The US government has replaced the food pyramid with the food plate image to tell Americans nudge Americans toward a healthier diet. Presentation styles do matter, and this new presentation is definitely an improvement. Additionally, there have been some changes besides just the presentation: If you compare the two, you can see that the new emphasis is on a little less carbs and a little more fat — a change in the right direction even if not enough.
Readers may recognize that in my life I have been all over the map in terms of religion, politics and medicine. Yet another imbalanced, fanatic aspect of my life has been food — go figure! In my past I have been a vegan, a raw vegan, a macrobiotic, a flexatarian and now I eat “paleo” (low-carb). So you can see I am not to be trusted. But for fun I have made a plate image of my present diet.
So which diet is best — well, don’t ask your doctor. Interestingly a recent study shows that doctors opinions are culturally determined and very close to the opinions of their uneducated lay patients. If you ask a physician about a low-carb diet, for instance, they will probably criticize it as a fad. Indeed it may be a mere fad. Only time will tell — lots of time! But a recent study has declared that Low-Carb diet may be good, if accompanied by exercise. Wheeew, do I feel a lot better. But dog-gone-it, why does everything have to be so complicated?
Question to Readers: Confess your food fads! [I’m off to have some sardines and wine!]
While I was writing my post about the history of Darwin and the discovery of the solar nuclear furnace, I was reminded of one of my pet peeves: The Great Man Theory of History (wiki, also here). This theory claims that history should be understood through famous people. The montage on the right, would be a way to envision his small story through the eyes of the Great Man Theory.
The Great Man Theory of History views history as the impact of “great men” but the foibles of this simple theory can be seen in the story of the solar furnace. In fact, I intentionally structured that post to illustrate this tempting yet mistaken theory of history by filling the right column with the big pictures of all the “Great Men”. OK, there was one woman in the story and a modern day version of the theory should, of course, include women and rightly be called “The Great Person Theory of History”. But “Man” or “Person”, the theory would still be deceptively wrong.
I see two huge main problems with The Great Person Theory of History:
- Interdependence: The creations of these “Great People” are almost inevitably dependent on many people who came before them — both those who made mistakes and those who approximated reality closer than those before them. Almost all ideas or discoveries can be shown to be dependent on the many discoveries or ideas that proceeded them. The Solar Furnace post shows just a minuscule number of the discoveries that feed Bethe’s discovery.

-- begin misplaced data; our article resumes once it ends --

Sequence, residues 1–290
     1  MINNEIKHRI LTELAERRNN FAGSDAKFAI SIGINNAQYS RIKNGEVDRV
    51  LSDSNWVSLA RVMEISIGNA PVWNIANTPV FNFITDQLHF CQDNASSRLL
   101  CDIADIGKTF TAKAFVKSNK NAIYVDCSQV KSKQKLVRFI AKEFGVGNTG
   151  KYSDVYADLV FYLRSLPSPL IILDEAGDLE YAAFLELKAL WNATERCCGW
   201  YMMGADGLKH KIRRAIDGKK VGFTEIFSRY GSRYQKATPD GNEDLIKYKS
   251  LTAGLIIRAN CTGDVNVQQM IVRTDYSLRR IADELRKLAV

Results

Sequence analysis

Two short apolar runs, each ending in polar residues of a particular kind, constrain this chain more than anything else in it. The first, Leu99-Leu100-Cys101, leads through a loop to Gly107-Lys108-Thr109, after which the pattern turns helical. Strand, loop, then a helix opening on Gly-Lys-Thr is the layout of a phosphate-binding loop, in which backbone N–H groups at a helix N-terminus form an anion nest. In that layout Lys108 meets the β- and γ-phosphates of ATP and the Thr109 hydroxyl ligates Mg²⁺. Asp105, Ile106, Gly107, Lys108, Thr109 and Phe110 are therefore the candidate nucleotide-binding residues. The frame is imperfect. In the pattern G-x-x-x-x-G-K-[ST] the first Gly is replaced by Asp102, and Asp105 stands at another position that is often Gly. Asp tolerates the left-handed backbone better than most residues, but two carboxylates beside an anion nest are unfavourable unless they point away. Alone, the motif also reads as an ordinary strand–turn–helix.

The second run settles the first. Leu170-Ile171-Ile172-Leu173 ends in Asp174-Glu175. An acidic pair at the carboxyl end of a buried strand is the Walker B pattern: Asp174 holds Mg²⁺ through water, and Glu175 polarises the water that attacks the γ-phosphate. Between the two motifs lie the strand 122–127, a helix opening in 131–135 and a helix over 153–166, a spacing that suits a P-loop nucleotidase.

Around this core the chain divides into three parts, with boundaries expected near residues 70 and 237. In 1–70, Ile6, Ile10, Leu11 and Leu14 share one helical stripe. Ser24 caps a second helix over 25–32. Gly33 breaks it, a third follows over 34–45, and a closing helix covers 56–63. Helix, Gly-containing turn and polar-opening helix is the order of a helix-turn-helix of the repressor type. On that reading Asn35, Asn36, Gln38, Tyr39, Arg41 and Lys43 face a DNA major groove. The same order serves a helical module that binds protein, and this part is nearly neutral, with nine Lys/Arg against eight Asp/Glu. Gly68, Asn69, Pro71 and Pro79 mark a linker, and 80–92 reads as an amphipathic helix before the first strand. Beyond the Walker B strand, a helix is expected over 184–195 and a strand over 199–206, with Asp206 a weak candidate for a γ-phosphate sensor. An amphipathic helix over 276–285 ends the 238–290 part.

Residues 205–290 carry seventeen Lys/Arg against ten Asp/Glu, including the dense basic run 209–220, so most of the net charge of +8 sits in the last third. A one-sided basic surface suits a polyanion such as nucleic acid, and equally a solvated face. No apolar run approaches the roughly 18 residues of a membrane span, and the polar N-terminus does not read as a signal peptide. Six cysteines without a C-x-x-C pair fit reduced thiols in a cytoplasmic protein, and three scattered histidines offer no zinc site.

- Co-Discovery: Ideas are often born of several people independently and often simultaneously showing that any particular “Great Person” is not a necessary as one might be tempted to think. In fact, if any of these great men or women had never been born, the idea most likely would have come out eventually anyway. It is as if we share knowledge which ripens for any number of people to eventually pick. For a list of co-discoveries or “multiple discoveries” see this wiki article. Here are a few famous ones:
- Calculus: Newton, Leibniz (1600s)
- Oxygen: Scheele (1773), Priestley (1774)
- Electric Telegraph: Wheatstone & Morse (1937)
- Evolution: Darwin (1840), Wallace (1857)
- Chromosomes: Sutton & Boveri (1902)
- Sound Film: Tykociner (1922), Forest (1923)
- Quantum electrodynamics: Stueckelberg, Schwinger, Feynman, Tomonaga (1930-40s)
- Universal Computing Machine: Alan Turing & Emil Post (1936)
- Polio vaccine: Koprowski, Salk, Sabin (1950-63)
- Jet Engine: Campini (1940), Whittle (1941)
- Nanotubes: Bethune and Iijima (1993)
So, though the montage on the right may be a bit improved “Great Person” view of history than the one above, it is still distorted. The Great Person theory is pervasive. It permeates the historical models of people all over the world.
This model is a common temptation because of the existence of social hierarchy modules in human brains — we are built to look for leaders and heroes. We share this with other primates. These “leader” modules probably lead us into the delusional side of the Great Person Theory of History. Our minds hunger for heros and leaders for our tribe. Indeed the larger “tribal” module even has us generate “the other” and villains. We fill our histories with stories of evil people to explain our lives: Hitler, Pol Pot, Mao and recently, the late bin Laden. But like the hero stories, the villain stories lack the nuances of the many, many people involved and of the concepts and causes that really feed the phenomena.
The temptations of the Great (or Evil) Person Theory of history is obvious but so are its short-comings. We must always be diligent not to let our minds fool us.
So, below, in contrast to the Great People Theory map, I have sketch a History Map which is honors both interdependence and co-discovery. My attempt is to make concepts more central and Great People as less critical. I will allow readers to imagine pictures of other people for the arrows missing pics as the map is, by necessity, a bit too cluttered already. Note also that this model shows that mistakes (the source of rejected theories on the left) often serve as foundational material for success (closer approximations). Tell me what you think: